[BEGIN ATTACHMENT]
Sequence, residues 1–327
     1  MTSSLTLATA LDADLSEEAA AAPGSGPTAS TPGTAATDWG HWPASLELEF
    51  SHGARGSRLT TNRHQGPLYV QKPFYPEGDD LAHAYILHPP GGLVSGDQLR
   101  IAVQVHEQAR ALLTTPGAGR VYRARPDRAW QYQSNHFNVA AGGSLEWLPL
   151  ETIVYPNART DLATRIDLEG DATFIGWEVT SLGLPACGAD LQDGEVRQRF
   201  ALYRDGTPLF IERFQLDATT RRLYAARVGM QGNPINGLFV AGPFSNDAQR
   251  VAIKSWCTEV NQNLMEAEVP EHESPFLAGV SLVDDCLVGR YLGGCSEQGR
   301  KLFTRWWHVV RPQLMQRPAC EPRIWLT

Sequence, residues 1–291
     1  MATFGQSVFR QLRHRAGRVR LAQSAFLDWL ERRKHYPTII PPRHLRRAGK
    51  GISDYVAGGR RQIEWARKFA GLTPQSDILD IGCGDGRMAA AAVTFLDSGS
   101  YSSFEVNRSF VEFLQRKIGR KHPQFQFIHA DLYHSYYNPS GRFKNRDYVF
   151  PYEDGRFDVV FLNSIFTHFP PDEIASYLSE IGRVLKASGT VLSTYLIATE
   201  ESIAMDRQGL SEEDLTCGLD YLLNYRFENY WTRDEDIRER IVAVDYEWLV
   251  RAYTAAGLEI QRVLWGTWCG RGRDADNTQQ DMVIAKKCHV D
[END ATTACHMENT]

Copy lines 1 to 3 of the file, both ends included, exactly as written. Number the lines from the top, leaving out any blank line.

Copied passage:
Sequence, residues 1–327
     1  MTSSLTLATA LDADLSEEAA AAPGSGPTAS TPGTAATDWG HWPASLELEF
    51  SHGARGSRLT TNRHQGPLYV QKPFYPEGDD LAHAYILHPP GGLVSGDQLR